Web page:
If at First You Don’t Succeed…
There’s a quote often attributed to W.C. Fields, that is great advice for gardeners: “If at first you don’t succeed, try, try again. Then quit. There’s no use being a d—n fool about it.”
There is a strip of ground right next to the road; it gets salted, it gets snow-plowed, it gets compacted by traffic, it’s in deep, deep shade and it is half clay and half road gravel. It’s partly in a utility right-of-way so it gets dug up and trodden upon with some regularity by workers who are not necessarily concerned about what they are stepping upon. Plus, it’s at the top of our sloping yard and rain has washed anything resembling decent soil downhill.
Now, Wonderful Husband suffers from a delusional disorder common among suburban, middle-class males – an irresistible, obsessive-compulsive need to have a perfectly green lawn of grass (and only grass).
He’s been trying to grow grass on this forsaken, barren strip of ground for going on twelve years. He’s tried everything he could think of including aerating, seeding, fertilizing and watering (over and over and over again).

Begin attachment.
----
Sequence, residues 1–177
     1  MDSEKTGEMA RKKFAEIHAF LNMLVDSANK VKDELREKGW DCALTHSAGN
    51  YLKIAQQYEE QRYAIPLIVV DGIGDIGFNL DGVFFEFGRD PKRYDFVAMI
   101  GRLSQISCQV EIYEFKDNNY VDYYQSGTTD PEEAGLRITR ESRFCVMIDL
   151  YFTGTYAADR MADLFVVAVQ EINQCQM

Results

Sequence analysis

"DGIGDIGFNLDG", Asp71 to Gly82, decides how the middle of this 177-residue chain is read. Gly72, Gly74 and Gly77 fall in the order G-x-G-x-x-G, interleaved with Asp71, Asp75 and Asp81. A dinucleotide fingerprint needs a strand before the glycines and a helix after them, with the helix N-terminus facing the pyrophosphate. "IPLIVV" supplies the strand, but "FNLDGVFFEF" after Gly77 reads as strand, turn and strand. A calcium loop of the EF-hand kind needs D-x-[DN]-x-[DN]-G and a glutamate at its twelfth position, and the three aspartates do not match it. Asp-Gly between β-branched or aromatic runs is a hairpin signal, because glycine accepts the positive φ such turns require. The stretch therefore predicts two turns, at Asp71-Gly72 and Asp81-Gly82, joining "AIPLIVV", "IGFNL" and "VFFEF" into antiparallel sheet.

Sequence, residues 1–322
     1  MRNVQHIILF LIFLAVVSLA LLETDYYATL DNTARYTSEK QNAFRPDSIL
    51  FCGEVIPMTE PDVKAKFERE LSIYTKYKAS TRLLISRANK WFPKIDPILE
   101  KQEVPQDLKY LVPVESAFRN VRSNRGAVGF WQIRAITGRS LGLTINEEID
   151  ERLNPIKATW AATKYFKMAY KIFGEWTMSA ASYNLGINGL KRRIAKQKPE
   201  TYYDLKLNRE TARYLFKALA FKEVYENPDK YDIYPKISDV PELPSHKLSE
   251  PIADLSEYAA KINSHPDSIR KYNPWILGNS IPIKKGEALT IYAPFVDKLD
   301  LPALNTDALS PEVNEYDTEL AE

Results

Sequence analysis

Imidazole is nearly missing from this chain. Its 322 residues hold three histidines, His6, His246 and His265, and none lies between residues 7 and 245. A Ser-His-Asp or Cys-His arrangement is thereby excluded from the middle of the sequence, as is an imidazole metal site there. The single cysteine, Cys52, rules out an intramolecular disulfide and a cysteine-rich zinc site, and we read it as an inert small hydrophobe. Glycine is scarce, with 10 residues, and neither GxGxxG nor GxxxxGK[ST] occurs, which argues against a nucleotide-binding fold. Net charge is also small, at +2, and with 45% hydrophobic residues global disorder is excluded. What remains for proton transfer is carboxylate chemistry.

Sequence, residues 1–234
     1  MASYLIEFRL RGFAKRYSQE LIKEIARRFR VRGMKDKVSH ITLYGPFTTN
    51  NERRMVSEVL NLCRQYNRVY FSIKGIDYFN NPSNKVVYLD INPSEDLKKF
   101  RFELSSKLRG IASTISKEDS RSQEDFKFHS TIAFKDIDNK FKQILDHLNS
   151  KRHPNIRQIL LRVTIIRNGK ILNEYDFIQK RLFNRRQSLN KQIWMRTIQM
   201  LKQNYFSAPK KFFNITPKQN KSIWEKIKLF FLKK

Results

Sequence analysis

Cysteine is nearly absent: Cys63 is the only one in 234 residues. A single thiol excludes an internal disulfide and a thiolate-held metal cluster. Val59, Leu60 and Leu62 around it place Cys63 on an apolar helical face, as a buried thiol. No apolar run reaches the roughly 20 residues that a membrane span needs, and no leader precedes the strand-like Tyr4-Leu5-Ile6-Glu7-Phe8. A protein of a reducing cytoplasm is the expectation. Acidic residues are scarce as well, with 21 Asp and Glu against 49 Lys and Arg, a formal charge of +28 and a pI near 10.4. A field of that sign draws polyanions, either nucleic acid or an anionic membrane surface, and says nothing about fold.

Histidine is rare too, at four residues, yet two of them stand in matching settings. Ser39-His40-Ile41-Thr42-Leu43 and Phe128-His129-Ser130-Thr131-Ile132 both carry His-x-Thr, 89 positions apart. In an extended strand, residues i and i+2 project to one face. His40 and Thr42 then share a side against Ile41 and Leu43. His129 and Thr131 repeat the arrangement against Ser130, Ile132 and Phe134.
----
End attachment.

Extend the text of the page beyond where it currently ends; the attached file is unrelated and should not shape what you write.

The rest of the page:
This year, he finally came to his senses; he asked the tree service to dump two truckloads of mulch in the problem area and we covered the entire strip with four to six inches of wood chips. Our neighbor from across the lake stopped to ask us what we were going to plant in there. I think she was a little surprised when I said, “Nothin’!”
We’re not planting anything for now, we explained. Our hope is that the mulch will reduce the erosion from the torrential springtime rains and in the meantime, decompose and enrich the soil. At the very least, the mulch looks a great deal nicer than dust or mud, gravel and weeds.
Maybe we can plant a nice, non-invasive (preferably native) ground cover eventually. I think a nice piece or two of tasteful garden art would be lovely, but convincing Wonderful Husband to go along with that idea will be as difficult as…well, growing grass!
Stay Green, Good Friends!